Hezballah planning attacks on Israel from bases in Syria now

Long War Journal:
Hezbollah intends to wage its next war against Israel from deep within Syria, according to a report on a pro-Hezbollah news site last week.

The report, found on the web site Ya Sour, quoted Hezbollah sources saying the group intends to fire long-range projectiles at the Jewish state from the Qalamoun and Anti-Lebanon Mountain ranges, areas firmly under the Shiite group’s control on both the Syrian and Lebanese sides of the border.

There is reason to suspect that Hezbollah has indeed built up a missile arsenal in those areas, particularly as the city of Baalbek, the heartland of its Beqaa Valley stronghold, lies nearby. Israeli airstrikes against the group in Syria have been concentrated in Qalamoun. Moreover, a spokesman for the opposition’s Syrian National Salvation Front, named Fahd al-Masri, said in Dec. 2016 that Hezbollah was nearing completion of a tunnel in the Zabadani valley linking these two areas. Hezbollah seeks to facilitate the transfer of weapons and “reinforce its presence in the strategically important areas” in the western Damascus countryside, which includes Qalamoun, according to al-Masri.

Earlier in 2016, satellite images revealed a Hezbollah weapons warehouse slightly north of that area in Qusayr, where the group reportedly housed Katyusha rockets, mortars and howitzers. Reports also claimed Hezbollah was storing longer-range, Iranian-produced ballistic missiles there, including the Shahab-1, Shahab-2 and Fateh-110/M-600, which the organization could use to strike Israel. Intelligence has long suspected that Hezbollah possesses these missiles, but that has not been confirmed.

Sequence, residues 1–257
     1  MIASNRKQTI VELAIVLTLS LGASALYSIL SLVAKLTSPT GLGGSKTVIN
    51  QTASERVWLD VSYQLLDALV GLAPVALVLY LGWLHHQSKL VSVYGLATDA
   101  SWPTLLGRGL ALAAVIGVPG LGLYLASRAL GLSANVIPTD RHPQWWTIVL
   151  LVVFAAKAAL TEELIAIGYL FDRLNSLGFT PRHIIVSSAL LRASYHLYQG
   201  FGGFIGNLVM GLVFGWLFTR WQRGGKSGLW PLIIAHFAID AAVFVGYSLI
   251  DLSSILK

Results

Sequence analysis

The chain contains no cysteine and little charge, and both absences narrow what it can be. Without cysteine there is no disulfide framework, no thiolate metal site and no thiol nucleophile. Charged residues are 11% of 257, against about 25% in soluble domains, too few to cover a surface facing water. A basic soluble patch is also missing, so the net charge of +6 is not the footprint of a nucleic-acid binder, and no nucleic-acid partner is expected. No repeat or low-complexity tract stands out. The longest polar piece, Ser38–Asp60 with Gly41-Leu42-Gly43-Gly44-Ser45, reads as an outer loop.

The Hezbollah sources told Ya Sour that the group was shifting its missile operations to the Qalamoun and Anti-Lebanon Mountain range because it would be easier “to camouflage the rockets and protect their storehouses and launchers from the danger of Israeli military planes.” They added that the Qalamoun’s vast expanses made the region ideal for easily and safely firing long-range ballistic missiles at Israel.

This latest report coincides with others that Hezbollah has transferred its longer-range rockets to Syria as part of a restructuring of its forces, as they require launching pads too large to be hidden in Lebanon from Israel’s aerial surveillance.
This probably explains the recent attacks by Israeli aircraft in Syria and also gives some reason to believe that the use of the arrow missile defense system against the anti-aircraft attack was both a system check and a message to Hezballah that its plan would not be effective.  Israel also has missiles that can attack these sites and not have to worry too much about collateral damage.


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